Launched in October 1892, the USS Olympia became famous as the flagship of Commodore George Dewey at the Battle of Manila Bay during the Spanish-American War in 1898. The ship was decommissioned after returning to the U.S. in 1899, but was returned to active service in 1902.
She served until World War I as a training ship for naval cadets and as a floating barracks in Charleston, South Carolina. In 1917, she was mobilized again for war service, patrolling the American coast and escorting transport ships.
Following the end of World War I, Olympia participated in the 1919 Allied intervention in the Russian Civil War, and conducted cruises in the Mediterranean and Adriatic Seas to promote peace in the unstable Balkan countries. In 1921, the ship carried the remains of World War I'sUnknown Soldier from France to Washington, DC, where his body was interred in Arlington National Cemetery. Olympia was decommissioned for the last time in December 1922 and placed in reserve.
Officer's Country....they slept in these areas and had a huge open area to eat and socialize.
Had 6 pounder guns on both sides of the room...
This ship was well armed...
The machine shop so that parts could easily be fixed and created as needed.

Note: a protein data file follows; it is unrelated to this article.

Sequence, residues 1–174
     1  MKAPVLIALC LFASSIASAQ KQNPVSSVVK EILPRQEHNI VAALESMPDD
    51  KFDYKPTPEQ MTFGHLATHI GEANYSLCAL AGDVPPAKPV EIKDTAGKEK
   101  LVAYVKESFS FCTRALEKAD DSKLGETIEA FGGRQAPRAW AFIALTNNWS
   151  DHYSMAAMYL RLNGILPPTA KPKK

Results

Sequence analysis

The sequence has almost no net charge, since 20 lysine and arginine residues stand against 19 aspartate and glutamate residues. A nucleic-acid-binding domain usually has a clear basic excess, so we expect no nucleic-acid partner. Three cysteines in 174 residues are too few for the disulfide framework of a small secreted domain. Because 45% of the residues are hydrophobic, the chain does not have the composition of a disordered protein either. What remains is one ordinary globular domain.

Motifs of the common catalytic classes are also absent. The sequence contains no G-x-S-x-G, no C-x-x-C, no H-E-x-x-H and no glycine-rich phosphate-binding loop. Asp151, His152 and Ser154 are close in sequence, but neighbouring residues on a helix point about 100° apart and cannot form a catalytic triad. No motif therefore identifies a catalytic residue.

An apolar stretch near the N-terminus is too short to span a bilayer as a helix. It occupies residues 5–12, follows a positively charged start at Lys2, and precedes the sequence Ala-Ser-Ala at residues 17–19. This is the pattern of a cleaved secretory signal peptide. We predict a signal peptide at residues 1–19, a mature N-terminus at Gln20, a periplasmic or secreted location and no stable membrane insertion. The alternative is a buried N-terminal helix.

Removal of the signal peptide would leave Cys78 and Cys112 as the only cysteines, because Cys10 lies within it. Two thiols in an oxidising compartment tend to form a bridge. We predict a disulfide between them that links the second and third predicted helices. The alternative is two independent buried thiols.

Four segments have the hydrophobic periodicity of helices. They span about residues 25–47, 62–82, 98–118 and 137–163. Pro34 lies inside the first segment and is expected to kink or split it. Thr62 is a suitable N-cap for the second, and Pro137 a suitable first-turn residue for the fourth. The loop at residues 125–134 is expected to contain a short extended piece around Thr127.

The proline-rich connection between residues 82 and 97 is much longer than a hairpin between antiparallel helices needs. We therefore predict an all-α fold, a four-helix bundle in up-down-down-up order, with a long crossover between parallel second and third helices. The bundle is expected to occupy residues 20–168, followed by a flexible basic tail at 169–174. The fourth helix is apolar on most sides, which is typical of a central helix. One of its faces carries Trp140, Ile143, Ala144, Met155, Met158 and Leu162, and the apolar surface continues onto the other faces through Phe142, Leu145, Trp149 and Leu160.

The Berth Deck....yep, soldier's would sleep in those hammocks hanging from the ceiling.
The Scuttlebutt or water filtration system.
Print room where the newsletter was created
Operating room and medical area.
This ship was huge....we were all exhausted walking.
The recovery area/sick bay.
Joey checking out the firepower.
This was rather interesting. The cooks or their helpers would sometimes lose the money for food during bets or spend it unwisely and then the sailors would have to make do and not get their proper food rations because of their stupidity.
The tables would swing from the ceiling. They were raised and lowered for meals. You can see the wooden table on the ceiling.
The Admiral's Quarters....he got the big guns!!!
On the top of the ship...
This was a great experience. We all learned so much visiting both the inside museum and the ship/submarine. We would definitely recommend this museum for the large amount of information that we had presented to us!!
The highlight for everyone though was definitely the submarine. The only one who didn't want to visit the sub again was Brayden. So we waited for the others to visit it again.
Next stop......Atlantic City....Steel Pier and Abscon Lighthouse.